São José dos Campos, September 27, 2021
BRASIL-SR is a satellite-based model that estimates the downward surface solar irradiance by the interpolation between clear and overcast conditions using the effective cloud cover index parameter, obtained from visible satellite imagery. The core of the BRASIL-SR is a physically-based radiative transfer model that follows a two-stream approximation with δ-Eddington scaling. Radiative transfer calculations are conducted for 37 spectral intervals distributed from 200 to 3500 nm and integrated for output, although spectral output can be extracted at specific grid points. The direct normal irradiance (DNI) can be obtained with and without scaling, although the latter is recommended. The diffuse horizontal irradiance (DHI) can be obtained with δ-scaling or from the difference between GHI and the direct horizontal irradiation obtained without δ-scaling.
The BRASIL-SR clear sky module, its required input data and the skill of the model in clear sky conditions are described in the paper:
BRASIL-SR requires the following regional input data for each grid cell:
Additionally, local data from observations of total precipitable water vapor, total ozone in the column, AOD, and Angström's exponent can be entered as input for a particular grid cell, overriding regional data.
A complete set of input data for September 15th, 2015, for a 30 minutes time step, is available, and can be downloaded from this page, at bottom, and can be used as reference. Local directory should be updated in file gkss.dat, located within model2015 directory, before running. Please note that the year is not included and will be added to the directory name automatically. To keep the directory structure is recommended to avoid modifications in the source code.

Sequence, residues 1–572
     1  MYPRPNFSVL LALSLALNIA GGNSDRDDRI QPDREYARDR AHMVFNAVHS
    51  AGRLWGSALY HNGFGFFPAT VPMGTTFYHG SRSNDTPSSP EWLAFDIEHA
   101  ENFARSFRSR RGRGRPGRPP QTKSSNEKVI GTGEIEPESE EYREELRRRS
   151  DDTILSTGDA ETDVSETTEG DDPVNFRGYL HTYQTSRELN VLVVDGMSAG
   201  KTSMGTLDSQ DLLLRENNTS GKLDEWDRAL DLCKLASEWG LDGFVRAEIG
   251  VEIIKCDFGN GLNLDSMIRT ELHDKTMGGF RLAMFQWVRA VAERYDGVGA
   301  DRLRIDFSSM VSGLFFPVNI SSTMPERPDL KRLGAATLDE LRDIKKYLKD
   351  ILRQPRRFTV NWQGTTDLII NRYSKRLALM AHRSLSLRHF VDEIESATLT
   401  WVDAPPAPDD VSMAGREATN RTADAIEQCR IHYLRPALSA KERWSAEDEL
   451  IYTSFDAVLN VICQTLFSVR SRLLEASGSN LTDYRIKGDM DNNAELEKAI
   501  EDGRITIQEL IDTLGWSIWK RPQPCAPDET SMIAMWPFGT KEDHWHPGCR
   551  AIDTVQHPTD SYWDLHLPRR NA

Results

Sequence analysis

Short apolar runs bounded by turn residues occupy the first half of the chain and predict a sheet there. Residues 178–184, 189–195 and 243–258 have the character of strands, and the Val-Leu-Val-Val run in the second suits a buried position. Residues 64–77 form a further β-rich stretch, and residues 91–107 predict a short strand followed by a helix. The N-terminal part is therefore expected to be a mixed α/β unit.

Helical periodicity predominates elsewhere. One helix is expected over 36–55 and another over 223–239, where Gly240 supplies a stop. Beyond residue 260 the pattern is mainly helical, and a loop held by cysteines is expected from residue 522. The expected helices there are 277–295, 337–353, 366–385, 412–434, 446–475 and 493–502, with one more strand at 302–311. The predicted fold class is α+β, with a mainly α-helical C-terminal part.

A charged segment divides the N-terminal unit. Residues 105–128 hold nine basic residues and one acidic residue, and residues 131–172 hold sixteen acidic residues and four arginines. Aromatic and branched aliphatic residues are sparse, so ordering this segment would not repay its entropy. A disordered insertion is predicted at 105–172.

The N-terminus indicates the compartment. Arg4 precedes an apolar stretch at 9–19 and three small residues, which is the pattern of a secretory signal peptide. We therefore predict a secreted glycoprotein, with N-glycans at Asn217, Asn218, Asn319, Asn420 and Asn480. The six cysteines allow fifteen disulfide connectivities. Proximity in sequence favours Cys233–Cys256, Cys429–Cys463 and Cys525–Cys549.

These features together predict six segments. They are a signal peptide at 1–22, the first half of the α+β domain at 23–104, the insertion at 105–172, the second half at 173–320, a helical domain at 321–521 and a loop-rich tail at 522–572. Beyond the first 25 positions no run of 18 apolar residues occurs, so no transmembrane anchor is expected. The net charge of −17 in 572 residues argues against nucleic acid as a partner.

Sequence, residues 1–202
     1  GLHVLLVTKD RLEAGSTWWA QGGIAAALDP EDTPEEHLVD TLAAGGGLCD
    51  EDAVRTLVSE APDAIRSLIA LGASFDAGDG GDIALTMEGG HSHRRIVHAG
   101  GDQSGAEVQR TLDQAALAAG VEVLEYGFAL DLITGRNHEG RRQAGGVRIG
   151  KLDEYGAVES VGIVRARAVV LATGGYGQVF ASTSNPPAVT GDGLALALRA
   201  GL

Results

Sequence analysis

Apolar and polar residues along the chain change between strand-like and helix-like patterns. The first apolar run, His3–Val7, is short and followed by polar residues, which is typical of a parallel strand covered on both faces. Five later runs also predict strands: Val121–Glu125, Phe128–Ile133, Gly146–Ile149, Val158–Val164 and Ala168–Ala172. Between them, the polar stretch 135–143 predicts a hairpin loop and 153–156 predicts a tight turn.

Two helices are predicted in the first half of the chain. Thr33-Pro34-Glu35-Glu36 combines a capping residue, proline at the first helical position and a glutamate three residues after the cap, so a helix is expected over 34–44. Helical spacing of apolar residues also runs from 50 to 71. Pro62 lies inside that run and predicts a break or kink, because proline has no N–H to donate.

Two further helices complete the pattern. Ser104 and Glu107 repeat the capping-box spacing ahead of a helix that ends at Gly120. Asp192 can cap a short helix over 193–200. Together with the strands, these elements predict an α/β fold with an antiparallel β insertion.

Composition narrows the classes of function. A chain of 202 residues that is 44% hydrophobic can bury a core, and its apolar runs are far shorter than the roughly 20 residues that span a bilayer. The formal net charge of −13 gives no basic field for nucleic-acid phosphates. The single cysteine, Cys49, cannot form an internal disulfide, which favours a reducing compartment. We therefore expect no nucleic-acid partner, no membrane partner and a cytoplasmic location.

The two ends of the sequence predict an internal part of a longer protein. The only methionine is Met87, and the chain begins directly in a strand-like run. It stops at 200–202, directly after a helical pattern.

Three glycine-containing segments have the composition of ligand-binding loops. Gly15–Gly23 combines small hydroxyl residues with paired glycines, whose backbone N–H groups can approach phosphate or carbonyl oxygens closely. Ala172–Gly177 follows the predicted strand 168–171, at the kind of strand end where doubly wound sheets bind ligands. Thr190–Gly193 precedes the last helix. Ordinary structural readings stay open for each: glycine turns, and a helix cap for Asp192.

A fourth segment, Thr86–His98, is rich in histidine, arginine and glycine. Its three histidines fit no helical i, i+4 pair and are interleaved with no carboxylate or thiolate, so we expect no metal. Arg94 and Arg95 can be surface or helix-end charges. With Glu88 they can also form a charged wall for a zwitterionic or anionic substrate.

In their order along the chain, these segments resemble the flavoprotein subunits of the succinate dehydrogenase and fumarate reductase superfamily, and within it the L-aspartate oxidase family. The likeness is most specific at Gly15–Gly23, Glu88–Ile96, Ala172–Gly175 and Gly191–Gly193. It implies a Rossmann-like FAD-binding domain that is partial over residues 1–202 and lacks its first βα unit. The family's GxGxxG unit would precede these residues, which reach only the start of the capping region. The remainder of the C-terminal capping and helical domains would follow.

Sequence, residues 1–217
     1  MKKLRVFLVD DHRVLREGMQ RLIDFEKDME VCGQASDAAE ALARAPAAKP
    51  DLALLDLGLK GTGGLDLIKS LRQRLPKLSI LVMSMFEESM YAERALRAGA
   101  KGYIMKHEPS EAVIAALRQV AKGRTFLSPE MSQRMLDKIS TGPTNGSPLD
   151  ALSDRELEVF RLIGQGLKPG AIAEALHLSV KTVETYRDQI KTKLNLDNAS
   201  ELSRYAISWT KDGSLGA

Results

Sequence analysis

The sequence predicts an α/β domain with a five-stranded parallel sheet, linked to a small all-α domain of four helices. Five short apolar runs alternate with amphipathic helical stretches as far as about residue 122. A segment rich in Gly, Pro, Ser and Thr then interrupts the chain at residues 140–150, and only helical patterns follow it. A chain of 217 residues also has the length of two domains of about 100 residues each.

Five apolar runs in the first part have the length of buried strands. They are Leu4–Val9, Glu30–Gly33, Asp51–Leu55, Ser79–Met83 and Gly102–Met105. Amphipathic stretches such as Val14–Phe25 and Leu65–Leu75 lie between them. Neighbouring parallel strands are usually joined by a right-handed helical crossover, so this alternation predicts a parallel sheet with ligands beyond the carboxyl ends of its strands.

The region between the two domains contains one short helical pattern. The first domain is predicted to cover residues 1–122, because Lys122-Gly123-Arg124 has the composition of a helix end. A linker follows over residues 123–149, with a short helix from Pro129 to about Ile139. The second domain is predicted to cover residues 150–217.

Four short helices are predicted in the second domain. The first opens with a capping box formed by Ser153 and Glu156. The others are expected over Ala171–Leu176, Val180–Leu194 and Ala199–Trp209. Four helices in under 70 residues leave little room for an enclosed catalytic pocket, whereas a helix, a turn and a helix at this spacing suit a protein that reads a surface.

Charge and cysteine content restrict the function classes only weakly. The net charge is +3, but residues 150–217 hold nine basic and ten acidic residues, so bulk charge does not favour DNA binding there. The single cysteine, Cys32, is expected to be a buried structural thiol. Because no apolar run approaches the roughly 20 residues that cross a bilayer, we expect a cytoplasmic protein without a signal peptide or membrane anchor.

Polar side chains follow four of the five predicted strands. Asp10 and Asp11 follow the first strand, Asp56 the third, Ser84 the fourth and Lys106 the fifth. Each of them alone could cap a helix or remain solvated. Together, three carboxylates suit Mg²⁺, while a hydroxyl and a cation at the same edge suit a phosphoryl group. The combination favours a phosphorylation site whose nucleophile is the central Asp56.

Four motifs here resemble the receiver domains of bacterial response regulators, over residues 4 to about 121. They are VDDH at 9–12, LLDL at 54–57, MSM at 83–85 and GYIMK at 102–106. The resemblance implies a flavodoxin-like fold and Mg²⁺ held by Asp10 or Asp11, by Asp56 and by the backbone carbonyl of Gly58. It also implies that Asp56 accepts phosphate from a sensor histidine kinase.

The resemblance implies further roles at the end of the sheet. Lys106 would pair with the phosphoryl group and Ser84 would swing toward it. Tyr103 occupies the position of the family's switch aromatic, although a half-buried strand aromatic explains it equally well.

Visible satellite imagery (not provided, to be added to images/netcdf directory within the month directory, if used) and all other input data should be resampled to fit the model grid, described in mygrid file.
BRASIL-SR is a fully modular program, which means each module needs to be compiled and executed separately. It is optimized for the Intel oneAPI HPC toolkit, and should be compiled using the Intel Fortran compiler (ifort).
The model requires the NetCDF Fortran library. To ensure optimal performance and compatibility, NetCDF Fortran and all its dependencies should be built with Intel Compilers as well.
Once the Intel environment is configured and loaded (via its setvars.sh script) and the NetCDF library is installed, each BRASIL-SR module can be built via GNU Make using the makefiles provided. Note that the makefiles should be edited to reflect the location of your NetCDF libraries; specifically, its lib and include paths should be reflected in LIBFLAGS and LIBFLAGS_H, respectively. By default, it will look for them in /opt/libraries/intel/.
The module configvars includes the configuration options and should be compiled first, as it is imported by the others.
The programs included in the utils directory are used to calculate the effective cloud index from GOES13 satellite visible imagery, and are not required when running clear sky simulations.
The BRASIL-SR_transmittances program run the radiative transfer calculations and should be run before the BRASIL-SR_irradiances program. Compilation of these modules depend only on configvars module.
To execute BRASIL-SR_transmittances and BRASIL-SR_irradiances, environment variables should be set as describe in env_settings.txt file.
Rodrigo Santos Costa, Fernando Ramos Martins, and Enio Bueno Pereira. Atmospheric aerosol influence on the brazilian solar energy assessment: Experiments with different horizontal visibility bases in radiative transfer model. Renewable Energy, 90:120–135, 2016.
FR Martins and Enio B Pereira. Parameterization of aerosols from burning biomass in the BRASIL-SR radiative transfer model. Solar energy, 80(3):231–239, 2006.
FR Martins, EB Pereira, SAB Silva, SL Abreu, and Sergio Colle. Solar energy scenarios in Brazil, part one: Resource assessment. Energy Policy, 36(8):2853–2864, 2008.
Enio Bueno Pereira and others. Atlas Brasileiro de Energia Solar. São José dos Campos: INPE, 2nd edition, 2017.
INPE - National Institute for Space Research / DIIAV - Impacts, Adaptation and Vulnerability Division
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